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Canadian Urbanism Uncovered

To interchange or not to interchange: Spadina vs. St. George?

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Pedestrian walkway between subway platforms at Spadina Station

Toronto’s four subway routes are easy to navigate. Trains always run the same routes and there are only five interchange stations. Switching lines is mostly as easy as going up or down a flight of stairs. There are few choices to make and it’s hard to get lost or go wrong on the TTC subway system, most of us take the most efficient path all the time just as a function of simplicity.

The exception is the interchange between the Spadina Line and the Bloor Line. For people travelling south on Spadina then west on Bloor – or the reverse – there are two options, (1) get off at Spadina and walk through the long interstation passageway or (2) go an extra stop to St. George switch quickly and take an extra stop back through Spadina heading west.

There is a large body of academic literature that investigates people’s perceptions of time. This is important for the design and operation of public transportation since waiting feels longer than it is; transit users who spend 5 minutes moving on a bus or train tend to be happier than those who spend 5 minutes waiting at a stop (See here or here for examples (PDFs)).

According to Google Maps it takes 1 minute to travel from Spadina Station to St. George Station by TTC. Given that seconds could make a difference in this comparison I decided to measure it the old fashioned way, with a stop watch. I timed from the ringing of the door chimes at one station to stepping off the train at the next. On average, it took me 1 minute and 40 seconds to travel between St.George and Spadina Stations on the north-south Spadina Line and 1 minute and 4 seconds on the east-west Bloor Line. I also walked back and forth between the platforms at Spadina Station where on average it took me 2 minutes and 24 seconds, measured from platform to platform. I walked with purpose but made sure to never run and I was carrying a bag. The wait time once on the platform is on average half the head time between trains. At rush hour in Toronto that is 1 minute and 10.5 seconds. At St. George Stations I have assumed people would rarely miss a train while going up and down the stairs; I am assuming that if the train is in the station most people run for it so I have ignored the time needed to change platforms at St. George Station.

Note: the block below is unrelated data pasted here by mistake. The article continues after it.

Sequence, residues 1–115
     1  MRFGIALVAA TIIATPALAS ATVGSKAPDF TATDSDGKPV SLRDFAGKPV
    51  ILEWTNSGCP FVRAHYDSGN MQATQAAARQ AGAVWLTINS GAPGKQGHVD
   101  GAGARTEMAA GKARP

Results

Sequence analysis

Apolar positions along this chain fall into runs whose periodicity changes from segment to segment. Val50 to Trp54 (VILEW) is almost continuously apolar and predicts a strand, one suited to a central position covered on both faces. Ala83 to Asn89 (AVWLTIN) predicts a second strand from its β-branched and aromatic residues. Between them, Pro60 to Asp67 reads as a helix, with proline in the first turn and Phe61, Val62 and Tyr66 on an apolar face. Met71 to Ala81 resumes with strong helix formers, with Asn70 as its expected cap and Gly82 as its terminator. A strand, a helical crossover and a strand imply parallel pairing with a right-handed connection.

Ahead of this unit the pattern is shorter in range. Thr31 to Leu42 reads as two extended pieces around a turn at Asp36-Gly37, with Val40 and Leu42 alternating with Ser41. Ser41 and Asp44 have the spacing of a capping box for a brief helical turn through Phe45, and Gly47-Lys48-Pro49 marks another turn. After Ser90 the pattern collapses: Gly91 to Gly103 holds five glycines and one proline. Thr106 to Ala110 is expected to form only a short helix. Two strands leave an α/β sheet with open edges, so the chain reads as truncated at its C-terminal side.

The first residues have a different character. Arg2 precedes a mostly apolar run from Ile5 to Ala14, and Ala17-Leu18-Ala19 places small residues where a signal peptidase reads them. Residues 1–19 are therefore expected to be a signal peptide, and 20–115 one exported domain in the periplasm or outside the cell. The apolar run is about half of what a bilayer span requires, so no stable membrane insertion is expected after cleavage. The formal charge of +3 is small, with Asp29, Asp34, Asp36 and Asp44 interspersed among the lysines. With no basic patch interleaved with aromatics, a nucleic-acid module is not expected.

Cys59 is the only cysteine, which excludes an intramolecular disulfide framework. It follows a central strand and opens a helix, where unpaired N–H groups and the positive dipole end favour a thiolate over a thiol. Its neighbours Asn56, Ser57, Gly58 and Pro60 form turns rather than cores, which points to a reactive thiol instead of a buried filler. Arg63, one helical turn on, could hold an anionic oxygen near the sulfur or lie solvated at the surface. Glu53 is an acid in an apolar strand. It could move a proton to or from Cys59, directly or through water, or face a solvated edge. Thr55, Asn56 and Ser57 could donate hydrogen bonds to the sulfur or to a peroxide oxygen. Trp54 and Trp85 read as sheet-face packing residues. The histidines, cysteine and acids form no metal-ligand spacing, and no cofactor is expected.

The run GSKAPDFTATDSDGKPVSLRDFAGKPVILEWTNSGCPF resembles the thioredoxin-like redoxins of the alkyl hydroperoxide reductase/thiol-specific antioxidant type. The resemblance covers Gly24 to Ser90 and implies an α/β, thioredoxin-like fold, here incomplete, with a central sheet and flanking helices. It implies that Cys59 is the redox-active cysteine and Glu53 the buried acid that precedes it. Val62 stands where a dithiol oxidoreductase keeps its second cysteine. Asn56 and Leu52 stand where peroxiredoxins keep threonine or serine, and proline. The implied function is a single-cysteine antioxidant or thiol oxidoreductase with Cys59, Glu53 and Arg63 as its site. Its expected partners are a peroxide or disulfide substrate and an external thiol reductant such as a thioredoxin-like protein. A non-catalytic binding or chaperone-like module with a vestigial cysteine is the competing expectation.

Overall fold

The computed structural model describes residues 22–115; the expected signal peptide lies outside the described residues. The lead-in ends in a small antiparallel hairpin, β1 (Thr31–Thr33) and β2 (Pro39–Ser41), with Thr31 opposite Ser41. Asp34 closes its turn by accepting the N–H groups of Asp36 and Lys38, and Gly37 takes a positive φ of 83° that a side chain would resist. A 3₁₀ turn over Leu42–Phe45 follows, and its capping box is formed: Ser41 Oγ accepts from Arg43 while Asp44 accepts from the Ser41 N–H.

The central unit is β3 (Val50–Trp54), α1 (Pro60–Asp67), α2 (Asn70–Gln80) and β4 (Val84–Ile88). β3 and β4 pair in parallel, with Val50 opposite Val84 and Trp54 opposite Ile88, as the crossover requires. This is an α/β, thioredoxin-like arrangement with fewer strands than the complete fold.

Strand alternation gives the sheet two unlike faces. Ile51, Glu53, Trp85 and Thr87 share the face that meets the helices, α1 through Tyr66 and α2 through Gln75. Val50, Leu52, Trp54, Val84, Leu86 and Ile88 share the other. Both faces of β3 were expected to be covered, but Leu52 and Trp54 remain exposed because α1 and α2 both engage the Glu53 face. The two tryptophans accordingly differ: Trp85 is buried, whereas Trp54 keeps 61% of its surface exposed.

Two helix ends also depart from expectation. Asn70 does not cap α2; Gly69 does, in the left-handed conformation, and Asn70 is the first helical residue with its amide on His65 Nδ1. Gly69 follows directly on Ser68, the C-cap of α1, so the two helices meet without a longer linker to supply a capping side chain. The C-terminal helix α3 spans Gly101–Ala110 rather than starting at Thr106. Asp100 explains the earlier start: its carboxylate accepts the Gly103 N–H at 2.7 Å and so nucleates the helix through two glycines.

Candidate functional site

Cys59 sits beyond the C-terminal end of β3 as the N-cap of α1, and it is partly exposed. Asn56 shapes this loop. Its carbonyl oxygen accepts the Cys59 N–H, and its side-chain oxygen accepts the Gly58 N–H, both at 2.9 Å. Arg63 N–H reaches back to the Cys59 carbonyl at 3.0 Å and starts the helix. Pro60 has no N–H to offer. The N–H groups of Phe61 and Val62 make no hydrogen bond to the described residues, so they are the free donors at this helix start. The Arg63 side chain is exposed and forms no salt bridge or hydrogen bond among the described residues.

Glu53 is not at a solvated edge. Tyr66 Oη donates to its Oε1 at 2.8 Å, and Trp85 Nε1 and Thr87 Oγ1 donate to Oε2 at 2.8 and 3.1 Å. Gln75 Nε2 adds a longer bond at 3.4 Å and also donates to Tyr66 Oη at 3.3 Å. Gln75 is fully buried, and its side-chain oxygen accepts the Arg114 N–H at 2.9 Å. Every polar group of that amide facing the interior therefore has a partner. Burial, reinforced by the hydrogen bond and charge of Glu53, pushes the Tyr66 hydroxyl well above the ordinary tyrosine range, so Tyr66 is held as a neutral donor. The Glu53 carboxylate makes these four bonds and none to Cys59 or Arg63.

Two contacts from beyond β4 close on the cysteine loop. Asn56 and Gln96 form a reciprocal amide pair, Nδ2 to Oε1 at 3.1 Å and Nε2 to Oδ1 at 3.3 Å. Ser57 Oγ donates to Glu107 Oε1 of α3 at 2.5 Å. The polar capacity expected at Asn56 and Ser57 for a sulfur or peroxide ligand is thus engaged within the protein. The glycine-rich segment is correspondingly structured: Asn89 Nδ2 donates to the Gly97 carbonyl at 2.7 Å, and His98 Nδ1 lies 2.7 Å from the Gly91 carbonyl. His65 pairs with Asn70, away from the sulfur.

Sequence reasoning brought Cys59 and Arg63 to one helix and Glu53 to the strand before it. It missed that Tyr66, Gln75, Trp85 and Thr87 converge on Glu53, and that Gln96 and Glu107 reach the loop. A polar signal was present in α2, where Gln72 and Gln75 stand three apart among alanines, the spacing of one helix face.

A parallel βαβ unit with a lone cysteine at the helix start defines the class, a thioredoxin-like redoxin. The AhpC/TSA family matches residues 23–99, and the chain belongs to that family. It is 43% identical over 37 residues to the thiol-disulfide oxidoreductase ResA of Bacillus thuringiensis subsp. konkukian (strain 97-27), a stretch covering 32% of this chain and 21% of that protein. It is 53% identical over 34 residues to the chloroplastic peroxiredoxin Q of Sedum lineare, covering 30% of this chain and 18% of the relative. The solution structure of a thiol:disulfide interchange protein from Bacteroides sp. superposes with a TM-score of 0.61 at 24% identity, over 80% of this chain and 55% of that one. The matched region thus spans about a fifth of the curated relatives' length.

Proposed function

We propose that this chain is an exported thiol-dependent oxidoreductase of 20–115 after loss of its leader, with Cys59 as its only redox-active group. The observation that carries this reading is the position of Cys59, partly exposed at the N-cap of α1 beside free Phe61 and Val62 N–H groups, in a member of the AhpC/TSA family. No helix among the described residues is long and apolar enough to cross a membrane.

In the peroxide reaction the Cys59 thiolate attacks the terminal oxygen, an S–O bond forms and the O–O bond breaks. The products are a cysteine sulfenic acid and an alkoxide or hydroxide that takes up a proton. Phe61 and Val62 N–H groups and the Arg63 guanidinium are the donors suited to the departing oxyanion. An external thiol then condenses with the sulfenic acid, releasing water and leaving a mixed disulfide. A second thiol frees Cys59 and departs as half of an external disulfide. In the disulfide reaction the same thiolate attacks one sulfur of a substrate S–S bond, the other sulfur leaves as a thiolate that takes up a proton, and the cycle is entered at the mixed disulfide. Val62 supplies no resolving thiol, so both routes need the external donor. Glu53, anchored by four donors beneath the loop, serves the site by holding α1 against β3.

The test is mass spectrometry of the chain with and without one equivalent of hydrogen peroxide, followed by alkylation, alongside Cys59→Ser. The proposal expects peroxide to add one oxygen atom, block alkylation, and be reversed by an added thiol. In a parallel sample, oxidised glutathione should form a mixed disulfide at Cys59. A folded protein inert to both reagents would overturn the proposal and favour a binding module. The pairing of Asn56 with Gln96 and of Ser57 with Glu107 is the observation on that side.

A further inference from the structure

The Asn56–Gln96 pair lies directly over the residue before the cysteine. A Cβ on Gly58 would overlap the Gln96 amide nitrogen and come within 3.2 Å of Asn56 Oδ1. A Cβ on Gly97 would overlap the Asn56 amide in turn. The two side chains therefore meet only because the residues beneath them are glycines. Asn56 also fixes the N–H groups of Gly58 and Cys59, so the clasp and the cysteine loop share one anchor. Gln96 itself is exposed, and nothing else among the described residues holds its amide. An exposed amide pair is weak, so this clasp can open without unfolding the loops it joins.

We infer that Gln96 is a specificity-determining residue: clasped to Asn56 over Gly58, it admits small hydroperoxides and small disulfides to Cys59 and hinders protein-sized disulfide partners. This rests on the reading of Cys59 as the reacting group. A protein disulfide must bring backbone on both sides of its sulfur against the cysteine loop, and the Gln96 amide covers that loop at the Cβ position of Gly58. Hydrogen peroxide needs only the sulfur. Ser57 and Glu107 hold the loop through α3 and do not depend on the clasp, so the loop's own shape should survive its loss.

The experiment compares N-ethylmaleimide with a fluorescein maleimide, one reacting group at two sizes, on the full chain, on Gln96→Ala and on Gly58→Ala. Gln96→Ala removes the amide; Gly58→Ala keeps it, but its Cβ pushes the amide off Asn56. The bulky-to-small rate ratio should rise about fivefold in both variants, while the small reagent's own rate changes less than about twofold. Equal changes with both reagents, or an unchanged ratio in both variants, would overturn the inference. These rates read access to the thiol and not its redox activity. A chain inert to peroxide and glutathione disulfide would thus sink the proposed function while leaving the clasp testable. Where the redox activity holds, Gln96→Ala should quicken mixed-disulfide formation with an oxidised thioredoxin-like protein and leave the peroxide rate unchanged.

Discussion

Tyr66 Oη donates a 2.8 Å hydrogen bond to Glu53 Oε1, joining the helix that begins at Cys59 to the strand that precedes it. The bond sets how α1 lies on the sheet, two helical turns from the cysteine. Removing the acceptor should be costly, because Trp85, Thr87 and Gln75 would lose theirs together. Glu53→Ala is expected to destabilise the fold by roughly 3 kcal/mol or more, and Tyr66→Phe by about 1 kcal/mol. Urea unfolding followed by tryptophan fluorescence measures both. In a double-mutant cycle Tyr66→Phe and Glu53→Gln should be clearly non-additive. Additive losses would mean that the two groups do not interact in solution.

By my measurement, switching at St. George Station is 20 seconds or 14% slower than taking the walk at Spadina Station. None-the-less, changing at St. George may feel faster to many people; the extra time is spent moving on trains rather than walking through a somewhat drab tunnel. Over the course of a year someone changing at Spadina Station as part of a daily commute would save almost 3 hours.

Shoshanna Saxe is an engineer from Toronto. Say hello on twitter @shoshannasaxe



  1. Cool experiment. I think that many people simply don’t like to walk any distance, so would automatically prefer the St. George transfer option.

    Aside from this, I’m completely flummoxed that the horizontal motorized walkway was removed from the Spadina passageway. As a child I loved riding it for the pure novelty. Now, those things are everywhere…*except* Spadina station. For the less mobile, this seems like a bad and regressive decision.

  2. Yes, what happened to the moving walkway? When I was doing this route many years ago, the sense of speed from walking quickly along the moving walkway felt invigorating compared to standing around waiting for the west bound train to arrive at St. George as multiple east-bound trains went the other way.

  3. The movator is gone because it came time to replace it after numerous repairs, and that would have cost more money than removing it. So it was removed. Or at least, that seems like the most likely story. After all, it’s not required for accessibility reasons so the extra expense would have been difficult to justify merely to enhance riders’ experience.

  4. Cool experiment. Thanks for sharing.

    I would think that there’s an added risk of a delay by staying on the train for that extra stop as well that I would personally factor in.

    Imagine Line 1 gets a delay while you decide to take that extra stop. There goes your sanity.

  5. That passageway badly needs some art. Or something.

    Another thing to consider is that if you use Spadina to transfer to a westbound Bloor train, you’re unlikely to be able to get on the train — they’re just too full. If you board at St George your odds of actually fitting yourself on the 1st train that arrives are somewhat better.

  6. Speed is relative and the amount of work put on walking should be considered as well

  7. Most of us probably need the exercise, so the Spadina walkway is OK. But so drab!!

  8. Yeah, the old people mover would have shifted the preference more towards the Spadina change because a) it would have been a bit faster to walking along it, 2) it meant expending less effort, and c) because it was fun to use!

  9. Take a look at